Having an accurate understanding of your business costs is incredibly important in creating a profitable and successful endeavor. To that end, the choice between job and process costing is a very important choice indeed, and understanding the differences between the choices will allow you to make a reliable and informed decision about which option will best suit your business. Depending on what industry you are in and how you are operating, you will likely find one or the other to be a more the more suitable option for all of your costing purposes. Unless you offer a variety of both customised and standardized products, you are unlikely to need to use both types of costing processes.
Imagine, if you will, that you are a skilled artist, taking commission for various requests for custom pieces. Each product you create will inevitably use different quantities of material, take a variety of time lengths to complete (for which you might use a time keeping app), and generally cost differing amounts dependent on the order you receive.
This is job costing: calculating your costs on a case by case basis, because what you are doing is not the same every time you need to appraise your costs on a job by job basis rather than relying on a homogenised standard cost for each item you produce or service you provide. If you are providing a homogenised service, it almost certainly will not be for you – why calculate cost on a job by job basis when every case uses the same resources?
Whether job costing is right or not for your business may well depend on your industry – for a builder, every project is unique, but when it comes to producing pens, the resource requirement for each it will be exactly the same and so job costing will be unnecessary.
In stark contrast, process order costing is something to be used when your product is not customised but rather is uniform,where the costs for each production will be the same, using the same amount of resources each time without any variance from job to job. Process costing takes each stage of manufacturing (each process) and costs for that entire process over the time period being looked at on the understanding that each individual unit being produced will take an identical quantity of each ‘process’ to produce.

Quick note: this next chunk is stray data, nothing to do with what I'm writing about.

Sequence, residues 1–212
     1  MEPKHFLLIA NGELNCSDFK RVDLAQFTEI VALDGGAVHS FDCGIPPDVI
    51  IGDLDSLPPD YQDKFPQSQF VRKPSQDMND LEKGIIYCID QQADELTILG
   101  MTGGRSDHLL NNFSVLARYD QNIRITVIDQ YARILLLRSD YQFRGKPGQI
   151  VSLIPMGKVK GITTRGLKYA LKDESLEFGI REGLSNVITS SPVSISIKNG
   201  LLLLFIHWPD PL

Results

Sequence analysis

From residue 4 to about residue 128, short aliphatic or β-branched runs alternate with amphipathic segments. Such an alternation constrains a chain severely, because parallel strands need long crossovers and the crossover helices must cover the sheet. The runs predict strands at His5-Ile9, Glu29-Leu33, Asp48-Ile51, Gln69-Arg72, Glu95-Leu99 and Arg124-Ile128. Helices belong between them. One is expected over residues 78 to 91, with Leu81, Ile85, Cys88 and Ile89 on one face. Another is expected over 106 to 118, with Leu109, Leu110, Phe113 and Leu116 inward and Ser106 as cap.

Examples of processes might be the cost of packaging goods, of raw materials going into production, or of assembly. Because the cost per unit for each process is the same, the costs can be collated into these process costs over a given time period/production quantity, allowing for easier management of larger scale costs as compared to job costing, as identifying a cost per unit is possible in process costing only when we know for certain that each unit has an identical cost.
Ultimately, job order costing and process costing are cost accounting systems which are both viable – the key is to identify unique circumstances and needs of your business.
So, What’s the Difference Between Job Costing and Process Costing?
It’s pretty easy to pick out the key differences between the two costing systems from the sections we’ve provided explaining each one, but it is always helpful to have a more visual way of differentiating between different concepts, so lets write up a table showing the key differences between each.
Which Companies Use Process Costing and Which Use Job Costing?
You may find that the case for your business is clear cut, and that one or the other of job/process costing is clearly the superior choice for you. Or you might be in a situation where some mixing and matching is required, if you are dealing in both uniform products and more customisable, unique orders. Some industries will have a clear leaning towards one, some will be more balanced.
In the end, the choice of which to use is one which should be made based not on industry or on what your competitors/colleagues are doing, but on the unique requirements of your business. What will work best for you is something only you can know.